Manufacture: I am going to use the tools and machinery available to me in the school workshops to model the product. The product will eventually be designed and developed for batch production in a factory.
Market: the product will be aimed at anyone over the age of 18. The product will be sold for about £15. The mirror will be sold by a European interior decoration retail outlet and will be advertised in the same way as their other products, probably on the internet. in catalogues and in shops.
Cost: I would expect the mirror to cost about £5 or £6 to make so that it could be sold for £15. It would have to be made cheaply, £5-£10, so that a profit of at least £5 can be made from each mirror.
User: the product can be used by anyone over the age of 10, but will probably be bought by people over the age of 18 who like the art nouveau style. The mirror will be used for people to see their reflection in and also for decoration.
Source: author’s archive project material
A problem here is that the brief does not state the target market so the specifications are also weak. For example, the function is stated, ‘for people to see their reflection’ which is fairly obvious otherwise it’s not a mirror!
For “aesthetics” the student identifies “art nouveau” as the intended style but does not explain or justify the reason for this. The brief is clearly a repeat of the teacher’s instructions which no doubt are intended as a starting point for the students to explore the various design movements listed in the “background” section and then linking this research to the target market/target audience.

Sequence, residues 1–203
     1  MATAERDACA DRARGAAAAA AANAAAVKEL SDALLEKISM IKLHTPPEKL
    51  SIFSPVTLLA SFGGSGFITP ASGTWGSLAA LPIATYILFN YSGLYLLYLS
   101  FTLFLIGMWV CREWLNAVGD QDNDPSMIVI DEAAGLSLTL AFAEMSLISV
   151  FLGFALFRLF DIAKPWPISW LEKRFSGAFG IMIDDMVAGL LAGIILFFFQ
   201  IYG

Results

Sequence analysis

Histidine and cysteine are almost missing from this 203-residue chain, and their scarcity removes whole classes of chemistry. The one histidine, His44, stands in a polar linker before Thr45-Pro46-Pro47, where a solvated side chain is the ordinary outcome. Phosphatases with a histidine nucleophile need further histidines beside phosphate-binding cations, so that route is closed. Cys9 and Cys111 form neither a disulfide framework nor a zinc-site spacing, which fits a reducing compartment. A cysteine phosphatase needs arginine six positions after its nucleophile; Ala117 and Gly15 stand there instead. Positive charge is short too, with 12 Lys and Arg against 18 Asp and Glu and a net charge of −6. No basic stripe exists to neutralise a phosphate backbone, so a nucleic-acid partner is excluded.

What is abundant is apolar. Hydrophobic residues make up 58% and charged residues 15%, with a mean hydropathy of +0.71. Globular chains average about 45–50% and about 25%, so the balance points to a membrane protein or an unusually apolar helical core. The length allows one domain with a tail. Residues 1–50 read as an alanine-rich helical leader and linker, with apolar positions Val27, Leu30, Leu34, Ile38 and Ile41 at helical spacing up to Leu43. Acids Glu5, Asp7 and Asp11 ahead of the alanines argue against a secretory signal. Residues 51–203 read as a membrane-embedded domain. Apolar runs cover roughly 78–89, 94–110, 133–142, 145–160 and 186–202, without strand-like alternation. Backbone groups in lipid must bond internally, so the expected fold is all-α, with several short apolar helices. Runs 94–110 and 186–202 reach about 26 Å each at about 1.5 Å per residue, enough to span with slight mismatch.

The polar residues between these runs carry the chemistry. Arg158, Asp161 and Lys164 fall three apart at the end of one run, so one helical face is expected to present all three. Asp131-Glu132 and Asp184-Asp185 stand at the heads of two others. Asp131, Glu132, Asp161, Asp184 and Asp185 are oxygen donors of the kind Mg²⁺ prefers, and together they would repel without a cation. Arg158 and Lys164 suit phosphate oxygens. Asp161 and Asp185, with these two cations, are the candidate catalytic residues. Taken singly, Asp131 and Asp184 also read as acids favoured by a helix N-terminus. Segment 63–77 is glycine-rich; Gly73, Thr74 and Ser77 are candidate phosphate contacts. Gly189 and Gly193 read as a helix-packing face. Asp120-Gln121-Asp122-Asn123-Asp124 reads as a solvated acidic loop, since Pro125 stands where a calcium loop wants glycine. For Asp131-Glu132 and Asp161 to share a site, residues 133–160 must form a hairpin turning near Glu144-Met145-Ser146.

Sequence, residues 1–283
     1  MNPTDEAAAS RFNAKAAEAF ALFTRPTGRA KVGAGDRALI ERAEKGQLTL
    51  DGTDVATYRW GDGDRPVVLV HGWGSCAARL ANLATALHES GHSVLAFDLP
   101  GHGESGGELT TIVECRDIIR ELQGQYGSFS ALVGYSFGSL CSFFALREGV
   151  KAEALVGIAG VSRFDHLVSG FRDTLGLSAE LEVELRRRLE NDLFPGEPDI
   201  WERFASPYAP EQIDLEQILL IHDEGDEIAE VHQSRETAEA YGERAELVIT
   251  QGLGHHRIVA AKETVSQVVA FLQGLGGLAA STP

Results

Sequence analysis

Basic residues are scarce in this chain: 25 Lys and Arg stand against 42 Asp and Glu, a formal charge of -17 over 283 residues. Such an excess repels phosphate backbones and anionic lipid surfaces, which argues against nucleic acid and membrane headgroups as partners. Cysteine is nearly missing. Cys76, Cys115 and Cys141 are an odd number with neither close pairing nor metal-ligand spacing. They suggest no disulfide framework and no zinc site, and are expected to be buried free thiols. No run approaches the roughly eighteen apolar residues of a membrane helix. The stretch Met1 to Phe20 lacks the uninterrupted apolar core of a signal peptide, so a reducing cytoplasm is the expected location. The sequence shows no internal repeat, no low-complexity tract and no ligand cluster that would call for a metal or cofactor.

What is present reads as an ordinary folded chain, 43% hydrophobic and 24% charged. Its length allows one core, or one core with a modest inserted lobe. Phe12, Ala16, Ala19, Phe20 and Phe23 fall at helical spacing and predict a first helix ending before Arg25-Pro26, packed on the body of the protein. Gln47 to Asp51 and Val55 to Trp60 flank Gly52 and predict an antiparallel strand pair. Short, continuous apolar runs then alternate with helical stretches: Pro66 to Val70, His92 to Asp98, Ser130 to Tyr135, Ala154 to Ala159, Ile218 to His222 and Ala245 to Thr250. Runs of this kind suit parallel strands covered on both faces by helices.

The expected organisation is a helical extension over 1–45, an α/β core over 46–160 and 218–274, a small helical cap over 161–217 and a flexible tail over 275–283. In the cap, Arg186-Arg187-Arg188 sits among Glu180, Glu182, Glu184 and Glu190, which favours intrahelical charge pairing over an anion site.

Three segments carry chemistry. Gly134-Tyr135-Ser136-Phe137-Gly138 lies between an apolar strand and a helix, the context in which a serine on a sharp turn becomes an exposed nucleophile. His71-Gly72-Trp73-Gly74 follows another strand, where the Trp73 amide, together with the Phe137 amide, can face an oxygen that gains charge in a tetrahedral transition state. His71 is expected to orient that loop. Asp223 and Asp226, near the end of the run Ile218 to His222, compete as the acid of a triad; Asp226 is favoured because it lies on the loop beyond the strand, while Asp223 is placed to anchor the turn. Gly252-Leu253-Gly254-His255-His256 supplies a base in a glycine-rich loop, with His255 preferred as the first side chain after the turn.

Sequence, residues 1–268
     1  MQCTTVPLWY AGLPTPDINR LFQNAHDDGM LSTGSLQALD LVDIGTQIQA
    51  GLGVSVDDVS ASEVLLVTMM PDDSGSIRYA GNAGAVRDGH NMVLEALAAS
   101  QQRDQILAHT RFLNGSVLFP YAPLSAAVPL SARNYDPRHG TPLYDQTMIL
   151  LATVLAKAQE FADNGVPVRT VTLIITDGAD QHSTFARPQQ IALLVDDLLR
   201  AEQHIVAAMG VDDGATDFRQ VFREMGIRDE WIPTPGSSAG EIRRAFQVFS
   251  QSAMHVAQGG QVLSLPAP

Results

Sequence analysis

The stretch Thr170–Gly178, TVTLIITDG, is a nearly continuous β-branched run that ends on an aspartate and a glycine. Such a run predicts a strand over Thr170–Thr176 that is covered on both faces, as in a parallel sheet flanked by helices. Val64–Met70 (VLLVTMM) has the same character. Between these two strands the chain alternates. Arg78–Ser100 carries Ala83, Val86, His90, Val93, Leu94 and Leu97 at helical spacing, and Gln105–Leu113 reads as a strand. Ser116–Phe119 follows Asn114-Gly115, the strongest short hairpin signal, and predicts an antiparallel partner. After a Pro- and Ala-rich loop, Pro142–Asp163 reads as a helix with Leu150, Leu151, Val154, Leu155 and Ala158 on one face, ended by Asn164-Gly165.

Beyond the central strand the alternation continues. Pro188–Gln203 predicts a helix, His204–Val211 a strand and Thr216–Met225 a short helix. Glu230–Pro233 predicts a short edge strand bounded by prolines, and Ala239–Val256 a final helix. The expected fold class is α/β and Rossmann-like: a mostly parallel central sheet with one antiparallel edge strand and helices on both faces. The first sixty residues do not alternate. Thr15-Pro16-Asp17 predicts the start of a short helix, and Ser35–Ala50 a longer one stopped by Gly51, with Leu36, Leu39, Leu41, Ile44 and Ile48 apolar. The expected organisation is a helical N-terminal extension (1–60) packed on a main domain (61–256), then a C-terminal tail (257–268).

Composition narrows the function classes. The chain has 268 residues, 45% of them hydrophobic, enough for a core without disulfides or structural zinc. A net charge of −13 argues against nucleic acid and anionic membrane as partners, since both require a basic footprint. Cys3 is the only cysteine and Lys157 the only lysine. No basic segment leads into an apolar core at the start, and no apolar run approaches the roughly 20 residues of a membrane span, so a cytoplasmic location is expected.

The “materials” section is vague and does not link to the “aesthetics” i.e. what were the dominant materials of the art nouveau movement and what considerations should be taken into account in relation to surface finish? Are certain colours important or perhaps a chromed finish? How does the choice of materials impact on manufacturing? Batch production is stated as the commercial method of production but batch produced using what kind of system – mechanised? The market stated is vague and should have been explained in more detail as part of the design brief. The point -of-sale price of £15 seems arbitrarily chosen – is this based on market research/competitive pricing? How does the style of art nouveau relate to the market? Presumably, the mirror is aimed at the domestic market but this is not obvious – the client could be a hotel group who want a distinctive mirror design for all their hotel rooms. Where and how it will be used is important to size, function and style – a mirror intended for the bathroom will have different specifications to one to be used in the lounge.